So Helen was beside him at the funeral. She wore an inky suit from Bergdorf’s. It was important that she look like the sort of woman who knew how to dress. It cost far more than she could afford, but she charged it and decided that debt was another penalty she deserved. Andrew read T. S. Eliot and did it well. His father would have been proud. That’s what Helen told him.
Afterward, they all went back to the apartment for a reception. Andrew’s sister, Caroline, was in charge. She was tall and broad shouldered and moved as if she were on a tennis court, darting forward and back to try to make a point. Helen tried to say hello, but Caroline looked right through her. She remembered that Caroline had insisted that they all play charades on that fateful Thanksgiving. “My sister loves structured entertainment,” Andrew said at the time. Now the rooms were overflowing, with relatives and friends, Win’s old editor—“I kept trying to get a novel out of him,” the man said with a soggy laugh—and literary agent. Helen stayed near the bartender in the dining room.
“Are you the famous girlfriend?” asked a man in a bowtie waiting for his gin.
“Which famous girlfriend?” Helen felt a knot of panic: What if Win told friends about her?
The man raised his glass, rattled his ice. It seemed less like a toast than a threat. “Win said Andrew was in love,” he said.
But what if Andrew found her letters among his father’s papers? Somewhere in this apartment, her missives were waiting to cause a scandal. Inside her sentences were glimpses of the person she wanted to be: a woman who was graceful and refined. But there were also hints of a less careful creature, one consumed by something out of her control. I’d like to have you in an elevator, to let you push my buttons, take me up.
“Excuse me,” she said.
She made her way through the crowd, as politely as possible, and back to Win’s study. His desk was a rolltop. There were boxes of his stationery stacked in the corner. She rifled through the drawers. She had to find them. She had to burn them. She looked through the file cabinet next to the desk. There were tax records, but no letters of any kind. In his closet, she found boxes of yellowing photographs—a young Win at Princeton, Caroline and Andrew as toddlers on a beach—but no letters. It was possible that Win threw them away long ago. Perhaps he had similar letters from dozens of women. Perhaps he wasn’t sentimental about such things. But she couldn’t be sure. Her reputation was at stake. She couldn’t relax until she knew they’d been destroyed.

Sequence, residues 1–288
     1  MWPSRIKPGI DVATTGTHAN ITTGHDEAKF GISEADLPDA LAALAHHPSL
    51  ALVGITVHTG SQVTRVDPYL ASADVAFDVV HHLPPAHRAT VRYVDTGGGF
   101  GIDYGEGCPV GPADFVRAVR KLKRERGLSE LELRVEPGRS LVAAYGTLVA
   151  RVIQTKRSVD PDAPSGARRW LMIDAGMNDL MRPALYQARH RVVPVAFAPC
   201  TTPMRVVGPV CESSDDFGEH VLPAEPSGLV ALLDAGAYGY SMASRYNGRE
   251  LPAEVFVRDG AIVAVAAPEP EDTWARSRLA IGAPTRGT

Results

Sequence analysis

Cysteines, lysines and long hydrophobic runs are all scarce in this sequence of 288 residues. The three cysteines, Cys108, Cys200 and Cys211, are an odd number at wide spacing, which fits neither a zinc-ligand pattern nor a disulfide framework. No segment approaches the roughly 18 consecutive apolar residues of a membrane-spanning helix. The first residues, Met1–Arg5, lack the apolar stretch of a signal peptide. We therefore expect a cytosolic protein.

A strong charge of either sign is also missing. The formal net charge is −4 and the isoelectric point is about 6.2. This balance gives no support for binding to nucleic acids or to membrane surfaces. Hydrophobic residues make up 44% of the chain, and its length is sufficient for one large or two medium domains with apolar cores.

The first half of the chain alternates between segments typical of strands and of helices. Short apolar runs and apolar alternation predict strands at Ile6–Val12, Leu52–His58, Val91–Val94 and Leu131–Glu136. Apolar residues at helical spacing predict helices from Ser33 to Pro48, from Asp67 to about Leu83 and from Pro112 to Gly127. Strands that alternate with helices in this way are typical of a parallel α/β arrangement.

When all the mourners had gone, Andrew pulled Helen onto his lap. “Stay with me?” he asked. “Just for tonight? I can’t bear to be here alone.”
His hands slid up her legs. It was the first time he’d touched her in five years. His grip was newly rugged. Perhaps he’d spent his time out west wrangling horses. Or women. He’d become a wrangler. She kicked off her shoes. “Take off your stockings,” he said.
She peeled off her tights and surveyed the room, looking for places where Win might have stored her pages. Were they tucked inside his books? She’d wait until Andrew fell asleep, then check the volumes of Tolstoy.
Andrew was leading her across the room with more purpose than he’d ever had. But they were going the wrong direction. “Your bedroom is that way,” she said, in her most consoling voice.
“My dad’s bed is more comfortable,” he said, pushing open his father’s door.
“I don’t want to be in a dead man’s bed.”
But Andrew was already carrying her over the threshold. “I’m going to move back to New York,” he promised. She knew then that she was marooned there. She would stay until she found the letters. She would stay as long as it took to revise the past.
Andrew removed her clothes and tossed her overpriced suit on the floor. “God,” he said, pressing his mouth to her ear. “I’ve missed this.”
“Maybe we should have a moment of silence for your dad…”
“There’s no better way to honor my father than this,” he said. He couldn’t possibly know how true that was. So Helen closed her eyes and opened her legs.
After Andrew fell asleep, she climbed out of bed, naked and sticky, and crept into Win’s bathroom. There was a beautiful claw-foot tub. There were navy-blue towels, with his monogram, folded on the rack. On the counter, she spied his toothbrush, unused for the past week. Win had been cremated, so his teeth were reduced to ash. In the shower, Helen turned on the cold water, and then stood, until her teeth were chattering, beneath the stream. She was freezing, but she couldn’t get out. Win once wrote, “My darling, your secrets are always safe with me.”She pressed her bony cheek against the white subway tile. This was the style of bathroom she’d always loved.